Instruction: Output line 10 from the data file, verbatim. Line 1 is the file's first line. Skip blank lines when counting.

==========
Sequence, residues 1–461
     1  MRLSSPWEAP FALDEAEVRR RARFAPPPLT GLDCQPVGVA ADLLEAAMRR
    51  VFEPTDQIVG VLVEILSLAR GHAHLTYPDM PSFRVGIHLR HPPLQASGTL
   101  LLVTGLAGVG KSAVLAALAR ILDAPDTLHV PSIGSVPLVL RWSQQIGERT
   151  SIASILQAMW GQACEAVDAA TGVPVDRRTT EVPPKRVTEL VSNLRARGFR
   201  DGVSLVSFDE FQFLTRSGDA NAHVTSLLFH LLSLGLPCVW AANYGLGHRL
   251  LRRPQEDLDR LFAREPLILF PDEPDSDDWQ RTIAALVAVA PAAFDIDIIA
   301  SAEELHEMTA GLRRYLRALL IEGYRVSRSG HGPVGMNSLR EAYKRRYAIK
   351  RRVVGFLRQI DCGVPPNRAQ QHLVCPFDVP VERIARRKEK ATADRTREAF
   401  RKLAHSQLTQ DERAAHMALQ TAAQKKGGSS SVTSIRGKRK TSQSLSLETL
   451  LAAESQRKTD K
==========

   401  RKLAHSQLTQ DERAAHMALQ TAAQKKGGSS SVTSIRGKRK TSQSLSLETL